Exercise Associated with Longer Survival After Brain Cancer Diagnosis

Monday, 19/09/2011  |   Others  |  1 comment

By Duke Medicine News and Communications Brain cancer patients who are able to exercise live significantly longer than sedentary patients, scientists at the Duke Cancer Institute report. The finding, published online Monday in the Journal of Clinical Oncology, adds to recent research that exercise improves how cancer patients feel during and after treatments, and may also extend their lives. “This provides some initial evidence that we need to look at the effects of exercise interventions, not only to ease symptoms but also to impact progression and survival,” said Lee W. Jones, PhD, associate professor in the Duke Cancer Institute and senior author of the study. Although the study was not designed to test whether regular exercise actually causes longer survival among brain cancer patients, it established a strong correlation that could give doctors and patients a more accurate prognosis of long-term survival. The study enrolled 243 patients at the Preston Robert Tisch Brain Tumor Center at Duke with advanced recurrent gliomas, lethal brain malignancies that typically result in a median life expectancy of less than six months. The patients who reported participating in regular, brisk exercise ­– the equivalent of an energetic walk five days a week for 30 minutes — had significantly prolonged survival, living a median 21.84 months vs. 13.03 months for the most sedentary patients. The self-reported exercise behavior offered an important additional means of predicting survival among the glioma patients beyond other measures traditionally used for prognosis, including a six-minute walk test. Jones said the walk test is a good way to gauge the functional capacity of people with heart failure or other cardiac or pulmonary disorders, but it may not be informative for brain cancer patients who frequently suffer dizzy spells and other neurological problems that hamper walking. Jose Cortes, a Duke patient who has battled inoperable anaplastic astrocytoma since 2009, has been an avid proponent of the power of exercise during his treatment. “I exercised regularly prior to my illness and I wanted to stay as active as possible,” Cortes said. “But it was impossible for me to do things that I could do easily before. My first goals in physical therapy were to put on my shoes without tipping over and keep my equilibrium while walking and talking or walking and turning my head.” As he met and surpassed his early goals, he began walking for 30 minutes a day and last year joined a Zumba fitness-dance class at his local YMCA. “I wanted to be able to exercise because it makes me feel alive again,” Cortes said. He cautioned that exercise is no cure –- his cancer has responded well to chemotherapy, but he said being active helps both physically and mentally. “Exercise is a very good way to overcome the side effects of your disease,” he said. “You can feel more positive about your life even if you are in a terminal state. The most important thing is to just do it at your own pace and do your best.” The Duke study demonstrates that if doctors know about their patients’ exercise regimens, they will have a better way to assess long-term outcomes. Jones said an accurate prognosis is important to determine the overall health of patients, potential tolerance for certain types of treatment, and eligibility for clinical trials. Jones said a major goal of his research is to discover why exercise may lead to improvements in survival following a cancer diagnosis. “Discovering these mechanisms could provide new insights into cancer progression,” Lee said. “It could also lead to novel studies where exercise is combined with certain cancer therapies to see if both interventions together are more effective at inhibiting cancer recurrence or progression, not just minimizing the adverse side effects of the cancer therapies.” http://www.dukehealth.org/health_library/news/exercise-associated-with-longer-survival-after-brain-cancer-diagnosis Exercise markedly extends lifespan for Cancer patients Garry F. Gordon MD, DO, MD(H) Please understand that many approved drugs costing sometimes $100,000 or more only extend lifespan for a month or two, while you suffer terrible side effects. This study suggests then that for at least some cancers, life style changes like exercise are more potent that the chemo everyone winds up taking, Why? Because you feel you at least are doing something, but if you were paying the $100,000 cost out of your pocket, then as a fully informed consumer/cancer survivor, you might choose to focus first and mainly on things that do no harm. If oncologists would permit you to record your consultations with them, as I do with all of my consultations, I am confident that many more patients would opt to do more to support their bodies innate healing capacity with life style, exercise, detoxification, nutritional supplements, enzymes, oxidative therapies, etc., as you can see any day when you watch the DVD entitled There Is A Cure For Cancer. If we scrapped the plan that is not working i.e. Medicare where government pays your health care expenses but limits your choices and tries to pay the provides as little as possible and go to one where you are put in charge- things would change overnight. Now, once you are on Medicare we know how much on average Medicare will pay out over your lifetime. If instead we put made that same amount of money that the government will pay for an average patient over a lifetime or even just an average case of cancer in the final two years of life, now we put that money into your health savings account for you to spend as you see fit, then overnight, cut burn and poison based treatments would start to die out and alternatives would come to the top. All the things that are well described in the DVD, now on the internet, and alternative cancer centers would be swamped overnight. I know that alternatives work for most early cancers almost without question better than cut burn poison. Yet, with government sanctioning cut burn poison that is what most people get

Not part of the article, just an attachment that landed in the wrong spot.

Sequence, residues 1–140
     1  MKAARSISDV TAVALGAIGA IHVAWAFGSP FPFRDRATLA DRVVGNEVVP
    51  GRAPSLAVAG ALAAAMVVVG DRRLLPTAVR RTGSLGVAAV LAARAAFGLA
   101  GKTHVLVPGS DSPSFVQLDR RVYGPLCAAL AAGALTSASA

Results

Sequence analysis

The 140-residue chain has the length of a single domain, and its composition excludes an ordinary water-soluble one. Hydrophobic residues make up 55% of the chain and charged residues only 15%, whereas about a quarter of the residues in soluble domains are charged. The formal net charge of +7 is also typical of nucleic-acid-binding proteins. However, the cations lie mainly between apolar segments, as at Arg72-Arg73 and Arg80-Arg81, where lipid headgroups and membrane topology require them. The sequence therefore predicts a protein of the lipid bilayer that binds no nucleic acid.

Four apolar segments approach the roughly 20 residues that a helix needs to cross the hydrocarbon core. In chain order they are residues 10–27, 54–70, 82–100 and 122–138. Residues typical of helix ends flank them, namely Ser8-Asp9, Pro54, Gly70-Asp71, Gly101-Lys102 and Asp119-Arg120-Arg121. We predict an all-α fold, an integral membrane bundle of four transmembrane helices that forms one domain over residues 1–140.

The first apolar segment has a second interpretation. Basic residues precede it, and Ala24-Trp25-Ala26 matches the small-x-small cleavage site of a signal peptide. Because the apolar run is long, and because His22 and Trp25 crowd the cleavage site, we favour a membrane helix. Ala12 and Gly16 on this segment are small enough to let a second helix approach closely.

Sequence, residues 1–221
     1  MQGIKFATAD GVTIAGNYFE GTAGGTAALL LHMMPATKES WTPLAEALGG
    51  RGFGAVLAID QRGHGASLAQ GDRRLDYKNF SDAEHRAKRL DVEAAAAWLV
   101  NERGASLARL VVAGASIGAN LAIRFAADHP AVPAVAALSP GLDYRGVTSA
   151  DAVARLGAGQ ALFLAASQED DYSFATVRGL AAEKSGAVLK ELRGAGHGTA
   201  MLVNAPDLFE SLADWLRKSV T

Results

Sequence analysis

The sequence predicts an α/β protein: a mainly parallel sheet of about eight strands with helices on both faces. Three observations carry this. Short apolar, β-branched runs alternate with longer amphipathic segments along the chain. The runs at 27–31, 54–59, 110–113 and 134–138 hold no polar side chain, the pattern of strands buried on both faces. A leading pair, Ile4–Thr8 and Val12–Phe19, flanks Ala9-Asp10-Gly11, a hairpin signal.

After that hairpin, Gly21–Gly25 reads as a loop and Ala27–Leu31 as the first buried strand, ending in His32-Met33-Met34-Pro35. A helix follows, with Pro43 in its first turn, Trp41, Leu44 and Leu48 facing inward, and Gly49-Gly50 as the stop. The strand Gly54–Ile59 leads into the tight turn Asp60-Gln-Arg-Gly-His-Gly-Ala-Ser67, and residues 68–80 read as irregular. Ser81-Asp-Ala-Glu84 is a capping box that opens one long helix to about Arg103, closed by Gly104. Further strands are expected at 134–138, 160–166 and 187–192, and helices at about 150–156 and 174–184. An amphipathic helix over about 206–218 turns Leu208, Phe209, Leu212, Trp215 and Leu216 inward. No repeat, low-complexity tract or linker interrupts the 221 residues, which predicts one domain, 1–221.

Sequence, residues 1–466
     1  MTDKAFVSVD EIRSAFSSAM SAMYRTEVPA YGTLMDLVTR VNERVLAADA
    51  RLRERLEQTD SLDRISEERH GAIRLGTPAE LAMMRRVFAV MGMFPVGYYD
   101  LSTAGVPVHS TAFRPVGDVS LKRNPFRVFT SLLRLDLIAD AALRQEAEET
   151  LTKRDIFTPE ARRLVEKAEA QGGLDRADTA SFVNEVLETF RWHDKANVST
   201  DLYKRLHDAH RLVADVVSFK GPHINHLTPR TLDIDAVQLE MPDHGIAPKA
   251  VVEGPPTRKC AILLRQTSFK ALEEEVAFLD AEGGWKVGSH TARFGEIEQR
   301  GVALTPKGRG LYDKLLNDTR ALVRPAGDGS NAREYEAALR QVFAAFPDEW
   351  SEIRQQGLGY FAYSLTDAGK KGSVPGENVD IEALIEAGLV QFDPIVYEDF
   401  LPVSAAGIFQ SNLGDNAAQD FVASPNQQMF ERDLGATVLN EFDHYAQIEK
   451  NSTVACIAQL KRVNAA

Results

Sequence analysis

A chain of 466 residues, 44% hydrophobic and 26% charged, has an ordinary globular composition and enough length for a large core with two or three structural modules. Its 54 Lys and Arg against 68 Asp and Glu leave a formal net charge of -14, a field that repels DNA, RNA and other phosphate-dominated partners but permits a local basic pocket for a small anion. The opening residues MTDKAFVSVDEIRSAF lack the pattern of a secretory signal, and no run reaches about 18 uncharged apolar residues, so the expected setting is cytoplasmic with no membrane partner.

at first until it starts to fail. The evidence is so poor that I doubt that any mainstream oncologist you allow you to record your consultation if you ask a question like what is the success of this treatment for my long-term survival. You will soon find that most of their chemo cannot match these statistics published here by just adding exercise. Clearly, if you choose to learn, he showed that for all cancers early intervention with stress reduction, diet simplification, more sleep, detoxification including far infra red sauna and immune support was all that it took to make most cancer tests improve! That is the power of getting a cancer test done like at www.caprofile.net and when any of the tests done annually for those with any real cancer risk, are not in ideal safe ranges, adopt these above simple steps and the tests routinely go back to healthy ranges. Now you have exercise to add to your armamentarium of safe cancer therapies that help and do no harm!! Let’s try to adopt doing some real exercise like 30 minutes at least 5 days a week. These are the rewards documented in this study: “The patients who reported participating in regular, brisk exercise ¬– the equivalent of an energetic walk five days a week for 30 minutes — had significantly prolonged survival, living a median 21.84 months vs. 13.03 months for the most sedentary patients.”

One Comment

  1. milly bong
    Oct 13, 2013

    hello nice to know sir or madam i having very tired and try to do exersice every morning i jump 500 times on friday i do walking exercise 45minit than i feel very good and tired also less i will follow up not to stop